Minty (Siri Neal), is a gifted child who can sense things that many cannot (this is subtlety alluded to during the opening of episode one much like the opening paragraphs of the novel although the adaptation omits the dark notion of Minty sensing a past act of suicide on the landing in her own home and realised her ability when she could hear her father’s voice even though he is dead). Neal gives Minty a rather fearless and unconventional quality to her character along with an incredibly real vulnerability having already lost a parent and is now facing the very real threat of losing the other. Moondial is a British television six-part serial made for children by the BBC and transmitted in 1988, with a repeat in 1990. It was written by Helen Cresswell, who also wrote the 1987 novel on which the series was based. [1] [2] [3] [4] The west entrance to Belton House near Grantham in Lincolnshire, the setting for Moondial. Plot [ edit ] This story follows the saga of Araminta (or Minty for short), who has discovered she has a strange talent for seeing ghosts. After her mother is involved in a car accident, Minty is sent to stay in the country with an elderly Aunt who lives on the grounds of an old stately home now open to the public. Whilst staying with her Aunt, Minty befriends a local groundskeeper called World who informs her that she must help the past residents of the home find peace as they are lost souls. Minty meets these residents through some form of ghostly vortex which is triggered by the garden sundial that only seems to work in moonlight. These residents include a young stable hand by the name of Tom and a former resident with an unfortunate birthmark who spends her days hiding and her nights being taunted by neighbourhood children. The introduction of a sinister local ghost hunter with multiple personalities through time adds drama and a twist ending to this book. After meeting the mysterious and emotional Mr (Old) World (Arthur Hewlett) who talks of the heartache caused by hearing the cries of the children, trapped over at the house, across decades, Minty steps forward into the grounds of Belton House accepting the idea that she is key to reaching them.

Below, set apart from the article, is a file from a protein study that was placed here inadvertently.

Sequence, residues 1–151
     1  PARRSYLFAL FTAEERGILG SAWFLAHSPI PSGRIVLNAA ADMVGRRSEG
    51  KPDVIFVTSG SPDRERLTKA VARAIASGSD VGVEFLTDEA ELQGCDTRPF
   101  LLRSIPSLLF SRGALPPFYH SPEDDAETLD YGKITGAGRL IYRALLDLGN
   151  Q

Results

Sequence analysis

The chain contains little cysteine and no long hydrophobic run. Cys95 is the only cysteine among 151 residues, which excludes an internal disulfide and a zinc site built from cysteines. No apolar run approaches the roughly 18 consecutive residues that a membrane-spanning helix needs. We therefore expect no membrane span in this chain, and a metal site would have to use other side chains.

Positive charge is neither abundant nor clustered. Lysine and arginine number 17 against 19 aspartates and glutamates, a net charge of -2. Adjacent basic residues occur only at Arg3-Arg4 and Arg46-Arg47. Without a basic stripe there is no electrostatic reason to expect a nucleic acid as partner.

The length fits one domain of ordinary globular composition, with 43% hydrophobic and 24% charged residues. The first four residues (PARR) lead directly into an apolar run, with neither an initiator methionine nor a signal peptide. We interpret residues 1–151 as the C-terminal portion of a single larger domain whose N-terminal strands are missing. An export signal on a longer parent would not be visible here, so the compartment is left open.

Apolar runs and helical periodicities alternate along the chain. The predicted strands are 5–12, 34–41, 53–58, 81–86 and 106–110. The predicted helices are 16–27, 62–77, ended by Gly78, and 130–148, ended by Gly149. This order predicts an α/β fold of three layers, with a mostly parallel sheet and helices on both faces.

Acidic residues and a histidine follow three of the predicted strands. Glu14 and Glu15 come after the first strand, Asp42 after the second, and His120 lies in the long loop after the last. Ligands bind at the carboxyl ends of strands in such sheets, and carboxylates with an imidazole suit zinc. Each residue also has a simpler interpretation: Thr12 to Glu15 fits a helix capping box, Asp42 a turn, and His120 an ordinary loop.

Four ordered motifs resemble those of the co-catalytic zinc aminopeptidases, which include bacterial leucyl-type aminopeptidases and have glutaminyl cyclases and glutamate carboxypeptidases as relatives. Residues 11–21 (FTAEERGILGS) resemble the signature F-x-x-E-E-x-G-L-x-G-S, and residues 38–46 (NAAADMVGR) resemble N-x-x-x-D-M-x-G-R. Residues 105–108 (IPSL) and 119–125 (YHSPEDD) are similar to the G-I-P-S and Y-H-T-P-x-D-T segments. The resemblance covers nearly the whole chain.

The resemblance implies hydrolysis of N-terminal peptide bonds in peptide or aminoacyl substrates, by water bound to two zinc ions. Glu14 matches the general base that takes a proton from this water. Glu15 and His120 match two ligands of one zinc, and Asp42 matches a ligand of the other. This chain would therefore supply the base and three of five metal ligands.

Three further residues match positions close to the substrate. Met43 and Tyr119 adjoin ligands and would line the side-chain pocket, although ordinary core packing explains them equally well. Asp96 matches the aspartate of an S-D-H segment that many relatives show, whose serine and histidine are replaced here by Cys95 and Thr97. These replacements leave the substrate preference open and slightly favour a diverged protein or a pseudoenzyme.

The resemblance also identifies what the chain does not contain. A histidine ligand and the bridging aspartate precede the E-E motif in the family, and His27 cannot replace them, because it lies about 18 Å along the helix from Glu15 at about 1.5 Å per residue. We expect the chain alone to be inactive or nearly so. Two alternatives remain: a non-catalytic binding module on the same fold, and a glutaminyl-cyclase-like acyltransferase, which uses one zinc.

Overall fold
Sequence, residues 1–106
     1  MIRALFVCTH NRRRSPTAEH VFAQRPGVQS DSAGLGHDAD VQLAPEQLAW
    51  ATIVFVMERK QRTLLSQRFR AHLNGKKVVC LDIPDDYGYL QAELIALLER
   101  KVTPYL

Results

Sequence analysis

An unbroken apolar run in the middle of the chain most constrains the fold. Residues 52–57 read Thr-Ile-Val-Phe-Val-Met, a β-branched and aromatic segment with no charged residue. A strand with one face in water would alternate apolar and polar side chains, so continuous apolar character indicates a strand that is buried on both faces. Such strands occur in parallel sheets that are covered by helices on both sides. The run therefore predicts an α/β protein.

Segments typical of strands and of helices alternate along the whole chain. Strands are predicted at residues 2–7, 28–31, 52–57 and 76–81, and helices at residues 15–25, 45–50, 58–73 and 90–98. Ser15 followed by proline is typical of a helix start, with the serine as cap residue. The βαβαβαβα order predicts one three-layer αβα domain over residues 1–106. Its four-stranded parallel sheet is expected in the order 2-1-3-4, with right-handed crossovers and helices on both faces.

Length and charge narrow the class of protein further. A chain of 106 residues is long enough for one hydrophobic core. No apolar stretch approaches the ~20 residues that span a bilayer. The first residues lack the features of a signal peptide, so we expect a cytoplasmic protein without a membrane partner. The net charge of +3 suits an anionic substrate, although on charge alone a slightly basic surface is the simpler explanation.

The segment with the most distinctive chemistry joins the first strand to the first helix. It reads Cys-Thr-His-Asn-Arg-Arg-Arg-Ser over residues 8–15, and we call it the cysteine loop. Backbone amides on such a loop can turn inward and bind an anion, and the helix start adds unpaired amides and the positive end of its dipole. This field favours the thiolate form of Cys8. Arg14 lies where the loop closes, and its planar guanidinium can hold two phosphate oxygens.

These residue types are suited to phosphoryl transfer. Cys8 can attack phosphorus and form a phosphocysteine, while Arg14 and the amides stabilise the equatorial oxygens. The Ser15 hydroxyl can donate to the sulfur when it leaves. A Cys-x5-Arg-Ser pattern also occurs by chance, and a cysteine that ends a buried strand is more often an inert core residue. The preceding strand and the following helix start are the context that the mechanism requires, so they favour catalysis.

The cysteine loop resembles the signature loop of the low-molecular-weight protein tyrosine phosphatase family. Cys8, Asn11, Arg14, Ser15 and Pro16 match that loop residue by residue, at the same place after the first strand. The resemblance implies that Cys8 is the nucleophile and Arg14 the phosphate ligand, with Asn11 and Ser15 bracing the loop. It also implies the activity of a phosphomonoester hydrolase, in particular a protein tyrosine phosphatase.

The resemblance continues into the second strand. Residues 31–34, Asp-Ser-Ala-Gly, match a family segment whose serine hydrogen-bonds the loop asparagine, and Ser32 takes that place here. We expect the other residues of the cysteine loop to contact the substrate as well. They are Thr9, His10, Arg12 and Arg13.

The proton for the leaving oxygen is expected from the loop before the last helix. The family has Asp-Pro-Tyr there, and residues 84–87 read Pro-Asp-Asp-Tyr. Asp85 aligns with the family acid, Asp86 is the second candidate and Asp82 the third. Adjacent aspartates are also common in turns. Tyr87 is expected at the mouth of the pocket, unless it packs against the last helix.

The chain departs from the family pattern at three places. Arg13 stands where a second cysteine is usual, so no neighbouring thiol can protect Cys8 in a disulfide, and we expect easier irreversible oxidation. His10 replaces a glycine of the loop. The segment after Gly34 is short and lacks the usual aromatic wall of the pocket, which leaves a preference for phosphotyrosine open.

Jacqueline Pearce is the standout name amongst the guest cast, taking the dual role of Miss Raven and Miss Vole. Familiar to 1980s viewers of course as Servalan from Blake’s 7, Moondial represents one of the – sadly – few major roles that she would go on to take on. Cant would use her again in Dark Season, again as a villain, and it appears that she became somewhat typecast following her time as the Supreme Commander. It would have been interesting to have seen such a talented actress in a wider variety of roles. As Miss Raven, Pearce looks like and plays the part rather similarly to that of Servalan, but is never less than captivating. Miss Vole, is even worse – she is completely horrid to Sarah and the scenes in which Vole torments the girl shows of some of Pearce’s most effective ever acting. Helen Cresswell (2 November 1987). "Children's Book Review: Moondial by Helen Cresswell". Publishersweekly.com . Retrieved 2 May 2015. Faber & Faber was founded nearly a century ago, in 1929. Read about our long publishing history in a decade-by-decade account. The narrative both in the novel and the adaptation doesn’t offer a clear resolution or straight-forward explanations and appears to deliberately leave us with a fair degree of ambiguity. Even director Colin Cant admits being puzzled by the scripts and having to explore their meaning further. It features children from three different time periods – Minty of the 1980s, Tom from the 1860s and Sarah from the 1770s. Moondial, a ‘time shift within a time shift’ centres around the sundial in the gardens of Belton House. As 2017 marks the thirtieth anniversary of Moondial, an exhibition loaned by the Cresswell family has been on show in Belton House’s library.